Midsummer in Central Otago

By Max Marriott

Assistant Vineyard Manager

Luckily, following the unusual frost event in the first week of November, there have been no more nasty surprises at the School House vineyard. There was an isolated rainfall in mid-late November of 20mm, but aside from this, conditions have been warm, hot and dry with a spectacular week of consecutive 30+ degree days over the Christmas break. Growth has been strong and relatively consistent across the vineyard, aside from the hollows and gullies that were tickled by the frost. Despite this – and the annoyance of laterals pushing – there has only been minimal damage to inflorescences.

The organic blocks were under-vine weeded for the second time in the first week of December, just as the weeds were gaining a foothold and while there was still moisture in the ground. A lot of rocks were kicked out during this pass, requiring a tractor and trailer to follow through a few days later to collect all the large rocks (a full day job).

A successful Phacelia strike

Flowering began in the second week of December and fruit had set by the time we had our field day on the 20th of December. The field day had a theme of irrigation and fertigation, however it was also an opportunity for vineyard manager Grant Rolston to discuss the progress in the vineyard. He touched on the effect of erosion from undervine weeding (and the “sloping” effect, necessitating cultivation on just one side of some rows ). It’s too early to say yet for this vineyard, but when rows are on a slight sideways slope, erosion is a possibility. When this happens, or ideally before it happens, only one side of the row is cultivated, to encourage regrowth, stability and structure on the erosion-susceptible side.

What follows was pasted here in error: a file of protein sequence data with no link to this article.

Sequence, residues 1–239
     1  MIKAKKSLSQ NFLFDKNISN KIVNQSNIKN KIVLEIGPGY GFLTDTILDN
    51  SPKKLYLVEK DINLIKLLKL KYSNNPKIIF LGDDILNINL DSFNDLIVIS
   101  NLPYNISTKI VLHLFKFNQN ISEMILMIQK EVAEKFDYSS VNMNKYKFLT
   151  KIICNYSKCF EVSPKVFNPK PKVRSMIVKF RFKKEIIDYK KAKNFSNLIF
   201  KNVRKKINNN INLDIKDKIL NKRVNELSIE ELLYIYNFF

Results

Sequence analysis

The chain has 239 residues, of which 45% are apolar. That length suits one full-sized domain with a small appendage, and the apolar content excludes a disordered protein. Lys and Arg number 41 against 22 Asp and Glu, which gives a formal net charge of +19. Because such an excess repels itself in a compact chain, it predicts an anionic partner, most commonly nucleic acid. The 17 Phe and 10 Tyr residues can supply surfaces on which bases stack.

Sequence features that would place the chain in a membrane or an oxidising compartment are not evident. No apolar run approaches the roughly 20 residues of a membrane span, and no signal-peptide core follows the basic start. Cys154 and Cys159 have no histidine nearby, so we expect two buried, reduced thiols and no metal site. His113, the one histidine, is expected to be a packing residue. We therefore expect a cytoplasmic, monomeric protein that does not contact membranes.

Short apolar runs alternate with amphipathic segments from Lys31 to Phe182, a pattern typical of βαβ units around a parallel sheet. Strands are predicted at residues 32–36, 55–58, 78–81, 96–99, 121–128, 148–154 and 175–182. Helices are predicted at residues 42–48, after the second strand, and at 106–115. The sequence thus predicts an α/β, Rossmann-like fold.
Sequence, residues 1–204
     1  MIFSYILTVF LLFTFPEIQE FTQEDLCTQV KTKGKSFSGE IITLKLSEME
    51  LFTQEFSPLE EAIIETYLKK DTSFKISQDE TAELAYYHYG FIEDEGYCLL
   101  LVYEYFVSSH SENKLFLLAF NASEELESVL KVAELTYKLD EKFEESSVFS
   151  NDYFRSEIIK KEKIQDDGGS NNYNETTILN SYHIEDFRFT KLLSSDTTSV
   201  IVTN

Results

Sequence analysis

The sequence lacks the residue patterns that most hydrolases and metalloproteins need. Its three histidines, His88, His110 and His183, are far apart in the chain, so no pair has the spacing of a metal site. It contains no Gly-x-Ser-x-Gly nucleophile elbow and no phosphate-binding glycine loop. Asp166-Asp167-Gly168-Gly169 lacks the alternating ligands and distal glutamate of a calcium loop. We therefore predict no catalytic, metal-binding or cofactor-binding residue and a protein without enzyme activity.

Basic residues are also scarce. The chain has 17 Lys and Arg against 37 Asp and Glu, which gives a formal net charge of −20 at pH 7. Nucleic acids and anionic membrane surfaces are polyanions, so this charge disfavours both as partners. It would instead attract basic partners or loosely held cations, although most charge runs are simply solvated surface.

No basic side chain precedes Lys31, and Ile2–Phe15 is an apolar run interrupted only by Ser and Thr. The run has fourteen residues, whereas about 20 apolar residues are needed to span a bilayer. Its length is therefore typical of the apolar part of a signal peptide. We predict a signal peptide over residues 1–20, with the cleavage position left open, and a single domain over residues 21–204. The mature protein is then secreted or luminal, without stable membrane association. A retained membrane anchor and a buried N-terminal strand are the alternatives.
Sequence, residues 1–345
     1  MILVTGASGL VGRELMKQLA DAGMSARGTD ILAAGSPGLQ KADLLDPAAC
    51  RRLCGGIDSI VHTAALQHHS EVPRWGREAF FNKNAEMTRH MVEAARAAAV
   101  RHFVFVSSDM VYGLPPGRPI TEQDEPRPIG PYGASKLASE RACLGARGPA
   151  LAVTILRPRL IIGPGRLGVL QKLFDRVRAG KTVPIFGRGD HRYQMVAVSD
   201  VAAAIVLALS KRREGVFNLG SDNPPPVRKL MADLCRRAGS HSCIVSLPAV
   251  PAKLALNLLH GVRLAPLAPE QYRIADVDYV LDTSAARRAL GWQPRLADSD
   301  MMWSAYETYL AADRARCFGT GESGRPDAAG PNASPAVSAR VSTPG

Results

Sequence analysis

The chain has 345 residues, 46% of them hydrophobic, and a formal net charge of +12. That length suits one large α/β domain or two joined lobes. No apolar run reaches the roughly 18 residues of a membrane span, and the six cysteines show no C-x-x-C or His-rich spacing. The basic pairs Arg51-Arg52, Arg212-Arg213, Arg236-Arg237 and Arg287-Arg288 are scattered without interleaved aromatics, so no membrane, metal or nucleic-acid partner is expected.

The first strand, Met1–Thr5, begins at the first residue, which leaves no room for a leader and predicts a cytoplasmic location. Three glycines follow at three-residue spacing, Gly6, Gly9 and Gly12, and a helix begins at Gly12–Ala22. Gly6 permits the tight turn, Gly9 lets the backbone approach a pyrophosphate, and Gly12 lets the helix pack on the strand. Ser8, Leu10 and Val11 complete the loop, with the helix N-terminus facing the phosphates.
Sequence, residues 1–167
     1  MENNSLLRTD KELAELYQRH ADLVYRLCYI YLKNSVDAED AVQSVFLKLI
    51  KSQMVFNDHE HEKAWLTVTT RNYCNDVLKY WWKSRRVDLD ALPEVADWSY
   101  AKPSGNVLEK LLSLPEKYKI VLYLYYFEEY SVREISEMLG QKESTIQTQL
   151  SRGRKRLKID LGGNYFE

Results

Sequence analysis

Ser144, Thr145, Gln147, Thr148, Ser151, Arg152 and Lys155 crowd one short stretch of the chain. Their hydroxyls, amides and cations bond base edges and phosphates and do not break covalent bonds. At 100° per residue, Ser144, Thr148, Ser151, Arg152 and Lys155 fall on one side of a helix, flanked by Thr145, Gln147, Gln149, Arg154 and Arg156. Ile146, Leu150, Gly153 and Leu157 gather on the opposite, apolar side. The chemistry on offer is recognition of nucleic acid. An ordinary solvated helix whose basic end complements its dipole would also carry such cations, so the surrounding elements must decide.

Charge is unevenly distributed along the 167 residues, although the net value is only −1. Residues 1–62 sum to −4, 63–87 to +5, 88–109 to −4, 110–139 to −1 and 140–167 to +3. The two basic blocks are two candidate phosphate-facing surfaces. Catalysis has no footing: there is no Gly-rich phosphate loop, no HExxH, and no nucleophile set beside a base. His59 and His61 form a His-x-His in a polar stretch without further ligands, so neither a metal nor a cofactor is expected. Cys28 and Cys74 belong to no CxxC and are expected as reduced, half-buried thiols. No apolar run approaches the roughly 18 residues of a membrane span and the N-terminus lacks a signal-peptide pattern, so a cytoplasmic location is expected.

Grant also discussed the successful Phacelia strike and its suitability to the region (performs well in semi-arid environments), as well as the amount of life in these sown rows with the cover crops.

Fertigation was also applied to both blocks just prior to flowering; Wuxal amino to the organic blocks and calcium nitrate to the conventional blocks. The vineyard will have another round of both supplements in the second week of January. The irrigation had been steadily increased throughout the growing season, corresponding to the demand from growth. There is already a contrast between the cultivated and conventional rows, the latter showing considerably more runoff than the mounded organic rows.

Other than that, it’s been business as usual. A regular 10-day spray program of sulphur and seaweed on both the conventional and organic blocks has been kept up to date, and given the fruit from the vineyard is destined for premium pinot noir, all the blocks have been clipped (to assist shoot positioning) and laterals taken off in various places as well. We will now perform the final wire lift, fruit thin, apply the bird nets and then we’ll be harvesting.

Staff tuck, clip and straighten in the organic Pinot Noir block